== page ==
Mechanism of Metabolite transfer between Enzymes in Glycolysis and Connected Pathways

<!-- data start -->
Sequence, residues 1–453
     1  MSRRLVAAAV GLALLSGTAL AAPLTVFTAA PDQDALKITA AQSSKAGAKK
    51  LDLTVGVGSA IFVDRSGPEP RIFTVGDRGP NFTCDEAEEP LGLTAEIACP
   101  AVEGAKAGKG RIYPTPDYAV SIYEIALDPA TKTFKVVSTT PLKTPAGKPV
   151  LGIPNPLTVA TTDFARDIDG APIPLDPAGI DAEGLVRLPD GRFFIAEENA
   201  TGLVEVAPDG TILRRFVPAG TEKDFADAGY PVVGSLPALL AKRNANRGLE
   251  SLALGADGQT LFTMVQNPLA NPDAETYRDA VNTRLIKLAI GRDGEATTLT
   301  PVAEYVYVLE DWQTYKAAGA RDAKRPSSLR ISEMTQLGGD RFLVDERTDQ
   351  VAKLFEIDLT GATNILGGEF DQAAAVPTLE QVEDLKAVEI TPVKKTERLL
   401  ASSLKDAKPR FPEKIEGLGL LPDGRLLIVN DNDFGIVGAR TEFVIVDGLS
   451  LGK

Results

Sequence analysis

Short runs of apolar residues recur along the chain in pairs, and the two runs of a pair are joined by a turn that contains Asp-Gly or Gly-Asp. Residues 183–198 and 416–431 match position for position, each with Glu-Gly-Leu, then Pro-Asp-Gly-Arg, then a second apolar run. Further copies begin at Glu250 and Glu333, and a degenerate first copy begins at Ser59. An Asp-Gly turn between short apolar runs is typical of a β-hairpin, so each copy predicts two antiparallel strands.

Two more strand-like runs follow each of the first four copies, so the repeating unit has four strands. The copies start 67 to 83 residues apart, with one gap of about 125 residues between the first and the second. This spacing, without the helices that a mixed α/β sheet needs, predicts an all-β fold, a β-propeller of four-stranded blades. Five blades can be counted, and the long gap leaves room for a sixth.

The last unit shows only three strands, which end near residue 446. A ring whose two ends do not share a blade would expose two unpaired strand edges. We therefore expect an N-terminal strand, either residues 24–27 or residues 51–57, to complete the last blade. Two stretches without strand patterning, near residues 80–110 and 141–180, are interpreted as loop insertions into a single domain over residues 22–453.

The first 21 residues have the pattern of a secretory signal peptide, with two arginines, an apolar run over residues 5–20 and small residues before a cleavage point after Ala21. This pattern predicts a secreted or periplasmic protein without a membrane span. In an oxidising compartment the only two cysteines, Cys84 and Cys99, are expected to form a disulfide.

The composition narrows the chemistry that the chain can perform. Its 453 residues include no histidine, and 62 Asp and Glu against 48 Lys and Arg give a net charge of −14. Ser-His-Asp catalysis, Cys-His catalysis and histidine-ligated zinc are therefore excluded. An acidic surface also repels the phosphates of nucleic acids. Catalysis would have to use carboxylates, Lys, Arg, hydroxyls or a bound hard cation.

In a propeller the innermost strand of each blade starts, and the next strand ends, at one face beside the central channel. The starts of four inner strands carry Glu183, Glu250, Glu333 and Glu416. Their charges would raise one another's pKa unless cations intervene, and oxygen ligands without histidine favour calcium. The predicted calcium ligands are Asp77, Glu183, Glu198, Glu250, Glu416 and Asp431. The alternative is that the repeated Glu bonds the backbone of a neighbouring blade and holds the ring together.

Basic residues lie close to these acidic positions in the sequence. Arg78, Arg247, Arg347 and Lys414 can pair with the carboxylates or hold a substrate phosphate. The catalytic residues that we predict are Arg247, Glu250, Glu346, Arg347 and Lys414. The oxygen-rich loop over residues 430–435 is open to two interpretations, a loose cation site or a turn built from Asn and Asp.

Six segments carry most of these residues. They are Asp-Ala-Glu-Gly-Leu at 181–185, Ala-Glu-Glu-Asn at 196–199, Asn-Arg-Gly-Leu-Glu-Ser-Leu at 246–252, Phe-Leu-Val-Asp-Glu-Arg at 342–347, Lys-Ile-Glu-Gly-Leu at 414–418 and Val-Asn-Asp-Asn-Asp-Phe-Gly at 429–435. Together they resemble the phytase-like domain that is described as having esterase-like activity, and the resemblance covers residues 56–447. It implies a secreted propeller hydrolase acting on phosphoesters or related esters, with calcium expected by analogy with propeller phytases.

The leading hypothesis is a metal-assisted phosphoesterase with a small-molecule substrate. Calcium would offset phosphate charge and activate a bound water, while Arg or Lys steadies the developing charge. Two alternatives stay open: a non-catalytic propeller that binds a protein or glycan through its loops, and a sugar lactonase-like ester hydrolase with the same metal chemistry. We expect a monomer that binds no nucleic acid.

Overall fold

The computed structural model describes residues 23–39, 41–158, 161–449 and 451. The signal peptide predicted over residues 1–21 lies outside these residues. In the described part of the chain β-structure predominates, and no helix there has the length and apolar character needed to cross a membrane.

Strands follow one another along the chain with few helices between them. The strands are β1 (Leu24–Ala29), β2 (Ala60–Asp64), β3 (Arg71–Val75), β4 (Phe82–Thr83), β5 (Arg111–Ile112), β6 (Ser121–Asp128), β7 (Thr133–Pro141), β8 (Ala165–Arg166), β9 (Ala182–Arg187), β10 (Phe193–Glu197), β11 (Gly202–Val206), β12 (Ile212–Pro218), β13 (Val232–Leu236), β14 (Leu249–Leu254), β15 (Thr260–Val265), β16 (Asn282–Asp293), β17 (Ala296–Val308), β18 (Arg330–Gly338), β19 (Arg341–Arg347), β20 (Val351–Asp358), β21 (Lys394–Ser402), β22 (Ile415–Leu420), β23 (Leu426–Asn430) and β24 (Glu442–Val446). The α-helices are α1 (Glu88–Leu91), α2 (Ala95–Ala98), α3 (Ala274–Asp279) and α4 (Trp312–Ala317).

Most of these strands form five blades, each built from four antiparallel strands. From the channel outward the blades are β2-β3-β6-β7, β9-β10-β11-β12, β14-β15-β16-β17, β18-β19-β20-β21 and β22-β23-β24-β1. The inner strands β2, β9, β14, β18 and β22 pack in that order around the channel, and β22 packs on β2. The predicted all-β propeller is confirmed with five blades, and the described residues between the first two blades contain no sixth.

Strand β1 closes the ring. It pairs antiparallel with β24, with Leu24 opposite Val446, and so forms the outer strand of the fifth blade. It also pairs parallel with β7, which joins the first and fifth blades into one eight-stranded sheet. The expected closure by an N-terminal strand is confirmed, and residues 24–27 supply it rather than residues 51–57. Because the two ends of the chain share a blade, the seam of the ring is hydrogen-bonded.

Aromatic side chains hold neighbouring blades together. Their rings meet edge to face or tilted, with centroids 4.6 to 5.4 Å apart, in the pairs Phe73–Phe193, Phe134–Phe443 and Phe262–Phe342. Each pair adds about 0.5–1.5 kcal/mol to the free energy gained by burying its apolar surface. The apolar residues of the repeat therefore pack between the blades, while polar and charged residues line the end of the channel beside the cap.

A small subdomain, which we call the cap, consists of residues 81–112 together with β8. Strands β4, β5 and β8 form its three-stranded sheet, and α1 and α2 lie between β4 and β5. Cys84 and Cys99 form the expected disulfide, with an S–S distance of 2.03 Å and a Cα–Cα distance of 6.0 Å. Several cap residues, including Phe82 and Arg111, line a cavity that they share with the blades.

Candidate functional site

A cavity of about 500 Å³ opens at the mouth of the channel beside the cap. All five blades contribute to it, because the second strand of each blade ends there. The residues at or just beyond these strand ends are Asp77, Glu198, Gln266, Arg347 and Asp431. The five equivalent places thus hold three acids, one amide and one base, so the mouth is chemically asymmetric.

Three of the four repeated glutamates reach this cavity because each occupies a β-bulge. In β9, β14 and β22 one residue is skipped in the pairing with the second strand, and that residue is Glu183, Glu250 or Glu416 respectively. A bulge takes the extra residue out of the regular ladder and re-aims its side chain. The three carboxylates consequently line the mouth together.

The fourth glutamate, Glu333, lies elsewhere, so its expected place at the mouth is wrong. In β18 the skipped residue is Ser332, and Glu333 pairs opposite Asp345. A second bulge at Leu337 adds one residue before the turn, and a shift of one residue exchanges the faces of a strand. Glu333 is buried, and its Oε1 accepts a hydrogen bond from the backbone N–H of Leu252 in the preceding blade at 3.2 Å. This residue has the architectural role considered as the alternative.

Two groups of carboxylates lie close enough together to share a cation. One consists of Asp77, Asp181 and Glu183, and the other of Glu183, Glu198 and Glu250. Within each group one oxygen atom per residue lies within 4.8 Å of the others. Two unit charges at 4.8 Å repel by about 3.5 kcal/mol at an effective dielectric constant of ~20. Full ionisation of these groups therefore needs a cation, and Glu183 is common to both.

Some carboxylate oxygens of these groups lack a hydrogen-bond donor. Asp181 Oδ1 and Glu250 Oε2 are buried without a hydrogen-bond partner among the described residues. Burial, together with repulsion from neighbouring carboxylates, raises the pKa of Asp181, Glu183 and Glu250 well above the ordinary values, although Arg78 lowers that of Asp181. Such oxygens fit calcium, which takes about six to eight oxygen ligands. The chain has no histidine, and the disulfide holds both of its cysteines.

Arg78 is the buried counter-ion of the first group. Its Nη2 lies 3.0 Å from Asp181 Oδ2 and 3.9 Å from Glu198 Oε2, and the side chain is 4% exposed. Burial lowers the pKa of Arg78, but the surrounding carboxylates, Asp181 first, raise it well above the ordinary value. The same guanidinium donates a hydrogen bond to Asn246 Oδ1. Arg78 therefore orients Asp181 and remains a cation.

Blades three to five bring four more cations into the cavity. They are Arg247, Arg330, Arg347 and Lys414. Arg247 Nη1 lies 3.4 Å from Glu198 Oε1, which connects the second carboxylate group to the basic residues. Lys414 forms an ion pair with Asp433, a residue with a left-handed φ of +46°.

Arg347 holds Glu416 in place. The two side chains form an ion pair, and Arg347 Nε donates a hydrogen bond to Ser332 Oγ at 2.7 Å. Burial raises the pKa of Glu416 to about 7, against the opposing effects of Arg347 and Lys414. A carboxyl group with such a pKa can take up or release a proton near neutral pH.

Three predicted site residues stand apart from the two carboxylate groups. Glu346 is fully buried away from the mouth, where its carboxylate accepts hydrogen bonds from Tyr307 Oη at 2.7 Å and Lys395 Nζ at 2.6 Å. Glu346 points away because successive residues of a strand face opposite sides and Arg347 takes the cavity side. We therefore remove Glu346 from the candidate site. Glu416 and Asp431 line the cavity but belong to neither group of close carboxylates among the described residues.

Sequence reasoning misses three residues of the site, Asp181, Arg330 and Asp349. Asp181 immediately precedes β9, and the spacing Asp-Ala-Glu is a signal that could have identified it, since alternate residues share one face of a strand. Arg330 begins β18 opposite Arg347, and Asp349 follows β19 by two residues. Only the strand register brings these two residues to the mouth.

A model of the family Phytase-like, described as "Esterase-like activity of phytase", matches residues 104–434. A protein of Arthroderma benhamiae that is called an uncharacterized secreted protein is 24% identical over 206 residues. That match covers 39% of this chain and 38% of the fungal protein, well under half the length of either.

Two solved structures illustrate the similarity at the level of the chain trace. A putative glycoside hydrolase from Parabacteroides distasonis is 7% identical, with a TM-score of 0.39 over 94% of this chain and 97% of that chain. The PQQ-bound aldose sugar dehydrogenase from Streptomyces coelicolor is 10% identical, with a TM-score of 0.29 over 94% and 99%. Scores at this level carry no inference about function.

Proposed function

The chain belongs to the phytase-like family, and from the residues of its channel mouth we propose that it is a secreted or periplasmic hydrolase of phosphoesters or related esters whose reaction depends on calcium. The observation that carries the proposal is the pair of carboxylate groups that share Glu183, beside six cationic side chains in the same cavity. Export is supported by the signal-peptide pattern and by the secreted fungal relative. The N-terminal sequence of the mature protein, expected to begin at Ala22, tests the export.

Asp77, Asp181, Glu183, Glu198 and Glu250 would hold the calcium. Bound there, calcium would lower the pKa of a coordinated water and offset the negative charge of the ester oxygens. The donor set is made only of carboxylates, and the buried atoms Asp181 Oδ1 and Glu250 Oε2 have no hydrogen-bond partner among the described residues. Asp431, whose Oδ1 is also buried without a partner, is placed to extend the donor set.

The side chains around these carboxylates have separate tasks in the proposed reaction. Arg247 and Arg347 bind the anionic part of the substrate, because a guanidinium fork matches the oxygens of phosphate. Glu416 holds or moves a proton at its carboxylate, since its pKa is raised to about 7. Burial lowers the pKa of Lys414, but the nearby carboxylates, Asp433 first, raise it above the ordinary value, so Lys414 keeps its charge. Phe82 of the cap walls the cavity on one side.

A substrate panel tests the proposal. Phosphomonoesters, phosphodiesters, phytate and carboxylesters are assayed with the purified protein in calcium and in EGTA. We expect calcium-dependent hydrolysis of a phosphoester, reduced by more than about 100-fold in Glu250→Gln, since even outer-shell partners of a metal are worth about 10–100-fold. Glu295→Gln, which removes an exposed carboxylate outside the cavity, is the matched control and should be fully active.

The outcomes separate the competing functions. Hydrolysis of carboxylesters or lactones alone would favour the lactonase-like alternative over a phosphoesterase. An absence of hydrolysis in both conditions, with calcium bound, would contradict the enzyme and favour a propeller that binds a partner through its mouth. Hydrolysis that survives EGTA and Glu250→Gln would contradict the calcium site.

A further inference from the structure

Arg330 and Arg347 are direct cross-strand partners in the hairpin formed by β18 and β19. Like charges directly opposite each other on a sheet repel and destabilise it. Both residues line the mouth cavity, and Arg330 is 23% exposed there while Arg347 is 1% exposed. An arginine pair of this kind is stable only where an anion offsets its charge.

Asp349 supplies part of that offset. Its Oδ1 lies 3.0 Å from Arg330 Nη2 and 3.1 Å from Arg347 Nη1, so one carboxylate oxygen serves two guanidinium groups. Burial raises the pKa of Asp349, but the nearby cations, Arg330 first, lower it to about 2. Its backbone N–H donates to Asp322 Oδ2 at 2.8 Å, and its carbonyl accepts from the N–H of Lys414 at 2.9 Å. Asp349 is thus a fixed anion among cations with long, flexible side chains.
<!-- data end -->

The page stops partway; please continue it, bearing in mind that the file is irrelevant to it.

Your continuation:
Abstract: The metabolite produced by one enzyme in a metabolic pathway can be transferred to the next enzyme in the pathway by free diffusion via solution or by channelling in an enzyme-enzyme complex without prior release of the metabolite to solution. While metabolite channelling is known to occur in systems where stable multienzyme complexes form, conflicting views have been expressed as to its existence in pathways involving "soluble" enzymes. This thesis examines the kinetic evidence that has been presented in support of a direct (channelled) metabolite transfer between soluble enzymes in glycolysis and connected pathways. More specifically, transient-state kinetic studies have been performed to test the proposal that there is a channelled transfer of glyceraldehyde-3-phosphate from aldolase to glyceraldehyde-3-phosphate dehydrogenase. We found that this proposal is based on a misinterpretation of kinetic data that are actually fully consistent with a free-diffusion mechanism of metabolite transfer. Furthermore, the much-discussed hypothesis that a channelled transfer of NADH occurs between dehydrogenases of distinct coenzyme specificity has been tested by crucial steady-state and transient-state kinetic experiments. Our results lend no support to this hypothesis, but are fully consistent with a free-diffusion mechanism of NADH transfer. It is concluded that no tenable kinetic evidence presently is available for a channelled transfer of metabolites between enzymes that do not form stable multienzyme complexes.

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